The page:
While it has only been up for one day, there are several things I really like about my Nest:

  1. Installing it was a breeze – even when I made mistakes
  2. The design is beautiful
  3. It just works
  4. The apps and Web site are easy to use, and do what they say – without trying to be some insane home automation solution

While I’ll have to wait until next month to post any financial analysis as to whether it made a difference or not in our bill, the other thing I’ve already noticed about the Nest is how much less it runs the HVAC equipment. The old thermostats we had seemed to trigger off/on intervals much more frequently than the Nest does – it just seems like it was running the equipment way more often (and today, for the record, was pretty cold – it was down to freezing last night).

One note on the C Wire – while Nest says the device will work without it in almost all cases, it does some interesting tricks to pull enough electricity through to charge the unit’s battery (yes, it’s basically an iPod Touch at some levels) and still run the WiFi. Most HVAC equipment doesn’t mind what it does to do that (it switches off and on at a very fast frequency that doesn’t trigger most HVAC equipment). In a small number of cases, the HVAC equipment won’t  be happy with that, and you’ll need a C Wire to be pulled through. As for me, it worked fine.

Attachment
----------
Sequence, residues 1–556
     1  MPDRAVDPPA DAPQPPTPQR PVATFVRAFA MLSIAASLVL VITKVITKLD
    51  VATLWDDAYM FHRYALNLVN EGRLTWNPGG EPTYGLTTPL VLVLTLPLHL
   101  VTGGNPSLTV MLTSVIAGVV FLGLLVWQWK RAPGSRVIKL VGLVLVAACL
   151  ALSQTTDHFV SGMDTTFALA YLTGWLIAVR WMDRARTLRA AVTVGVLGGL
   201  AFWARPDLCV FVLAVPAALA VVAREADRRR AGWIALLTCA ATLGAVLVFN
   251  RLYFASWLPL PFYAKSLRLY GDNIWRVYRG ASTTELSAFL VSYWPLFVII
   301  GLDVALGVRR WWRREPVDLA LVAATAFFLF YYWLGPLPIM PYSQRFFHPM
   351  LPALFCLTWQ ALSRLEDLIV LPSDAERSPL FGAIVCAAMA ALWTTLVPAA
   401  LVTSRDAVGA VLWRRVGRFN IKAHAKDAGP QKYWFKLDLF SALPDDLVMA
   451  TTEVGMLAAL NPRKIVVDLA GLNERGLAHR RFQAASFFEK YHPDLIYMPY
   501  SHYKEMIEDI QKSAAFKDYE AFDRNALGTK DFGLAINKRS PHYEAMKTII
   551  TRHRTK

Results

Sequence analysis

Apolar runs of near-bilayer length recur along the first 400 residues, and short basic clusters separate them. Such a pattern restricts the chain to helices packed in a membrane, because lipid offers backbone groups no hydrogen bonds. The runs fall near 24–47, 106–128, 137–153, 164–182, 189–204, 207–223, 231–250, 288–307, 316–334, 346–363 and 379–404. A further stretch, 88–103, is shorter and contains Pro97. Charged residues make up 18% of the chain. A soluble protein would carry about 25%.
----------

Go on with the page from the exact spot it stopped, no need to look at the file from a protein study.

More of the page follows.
I really like the device, and I have to say I’m a fan (pun not intended) of the company. They’ve built a really unique new experience at a cost point that, while still premium and not an easy expense for many to justify, it might be able to earn back in time. Plus, it just looks good and works amazingly well.

I’m not a fan of most home automation because the user experiences are designed by geeks, for geeks, and require an aberrant amount of programming (and brain twisting) to make the most of. Not the case with Nest at all. It just works.


  1. We love the Nest!  If you are looking for a trim plate to cover your old thermostat hole–check out our trim plates for the Nest.

  2. I highly recommend using the C terminal no matter what type of system you have. The nest pulls power off the thermostat wires during a call for heating or cooling.